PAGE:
Should Nurses Blow the Whistle or Just Keep Quiet?

Carolyn Buppert, MSN, JD


June 24, 2014

In This Article

The Nurse's Duty to Protect Patient Safety

What if a nurse doesn't report a quality of care or patient safety issue? Is he or she likely to be disciplined?

Let's look at Texas law on reporting. It appears that reporting of a patient safety issue involving an agency or facility problem is optional ("may report"), but reporting of another nurse is mandatory ("shall report").

Here is the language that says reporting a facility is optional[7]:

In a written, signed report to the appropriate licensing board or accrediting body, a nurse may report a licensed health care practitioner, agency, or facility that the nurse has reasonable cause to believe has exposed a patient to substantial risk of harm as a result of failing to provide patient care that conforms to:

  • (1) minimum standards of acceptable and prevailing professional practice, for a report made regarding a practitioner; or

  • (2) statutory, regulatory, or accreditation standards, for a report made regarding an agency or facility.

Here is the language that says reporting a nurse is mandatory in Texas:


  • (1) "Conduct subject to reporting" means conduct by a nurse that:

    • (A) violates this chapter or a board rule and contributed to the death or serious injury of a patient;

    • (B) causes a person to suspect that the nurse's practice is impaired by chemical dependency or drug or alcohol abuse;

    • (C) constitutes abuse, exploitation, fraud, or a violation of professional boundaries; or

    • (D) indicates that the nurse lacks knowledge, skill, judgment, or conscientiousness to such an extent that the nurse's continued practice of nursing could reasonably be expected to pose a risk of harm to a patient or another person, regardless of whether the conduct consists of a single incident or a pattern of behavior.[8]

A nurse shall report to the Board in the manner prescribed under Subsection (d) if the nurse has reasonable cause to suspect that:


  • (1) another nurse has engaged in conduct subject to reporting; or

  • (2) the ability of a nursing student to perform the services of the nursing profession would be, or would reasonably be expected to be, impaired by chemical dependency.[9]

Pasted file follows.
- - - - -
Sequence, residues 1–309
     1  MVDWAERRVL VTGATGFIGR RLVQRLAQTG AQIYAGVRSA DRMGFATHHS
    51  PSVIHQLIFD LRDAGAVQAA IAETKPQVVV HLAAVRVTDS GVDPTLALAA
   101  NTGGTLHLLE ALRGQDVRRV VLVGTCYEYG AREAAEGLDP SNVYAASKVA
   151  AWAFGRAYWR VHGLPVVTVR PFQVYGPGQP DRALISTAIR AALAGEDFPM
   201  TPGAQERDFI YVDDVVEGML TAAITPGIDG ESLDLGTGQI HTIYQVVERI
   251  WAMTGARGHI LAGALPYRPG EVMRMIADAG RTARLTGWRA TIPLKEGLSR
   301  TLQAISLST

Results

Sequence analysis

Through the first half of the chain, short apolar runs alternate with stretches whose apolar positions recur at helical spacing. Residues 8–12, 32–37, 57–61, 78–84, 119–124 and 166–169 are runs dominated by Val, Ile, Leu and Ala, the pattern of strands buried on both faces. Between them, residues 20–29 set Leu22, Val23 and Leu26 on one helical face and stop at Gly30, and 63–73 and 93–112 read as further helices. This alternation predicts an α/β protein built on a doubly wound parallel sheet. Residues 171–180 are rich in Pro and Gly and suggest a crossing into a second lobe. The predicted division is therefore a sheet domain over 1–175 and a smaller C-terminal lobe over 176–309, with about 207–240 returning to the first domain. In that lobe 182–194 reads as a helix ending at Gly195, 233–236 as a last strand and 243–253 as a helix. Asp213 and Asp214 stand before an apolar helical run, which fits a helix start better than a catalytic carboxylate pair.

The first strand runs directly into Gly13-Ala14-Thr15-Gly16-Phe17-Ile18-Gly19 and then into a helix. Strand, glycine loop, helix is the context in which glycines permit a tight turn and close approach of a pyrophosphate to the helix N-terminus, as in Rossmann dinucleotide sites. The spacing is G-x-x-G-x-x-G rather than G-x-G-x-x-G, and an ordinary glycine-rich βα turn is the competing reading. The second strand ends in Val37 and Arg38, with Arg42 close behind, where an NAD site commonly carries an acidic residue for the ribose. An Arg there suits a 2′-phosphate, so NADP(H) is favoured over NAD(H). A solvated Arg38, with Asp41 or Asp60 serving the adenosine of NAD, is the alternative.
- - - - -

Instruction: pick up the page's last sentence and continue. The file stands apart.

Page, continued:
Under Texas law, therefore, the nurse may, but has no obligation to, report a facility to the appropriate licensing board, when the nurse has reason to believe that a patient has been exposed to substantial risk for harm. But a nurse must report another nurse.

Here is what Texas law says about failure to report: "(a) A person is not liable in a civil action for failure to file a report required by this subchapter. (b) The appropriate state licensing agency may take action against a person regulated by the agency for a failure to report as required by this subchapter.[10]

In Texas, the Board of Nursing could take action against a nurse who failed to report, but isn't required to do so.

Let's go back to the state law language cited earlier that implies that nurses must safeguard patient safety. A search of the disciplinary actions of the Maryland Board of Nursing indicates that the language "a nurse shall act to safeguard a client..." is invoked when it is the nurse who is incompetent or unethical. The nurse is supposed to report him- or herself, but not necessarily report someone else, or a facility. I found no cases where that clause was used to discipline a nurse who discovered that someone else was incompetent, and failed to report it. I could find no disciplinary actions reported on the Texas Board of Nursing Website against nurses who had failed to report a patient safety issue.

Other states may have different law on this, or no law on this, but it is becoming clear that a nurse doesn't have to report a facility and will do better personally if he or she does not.


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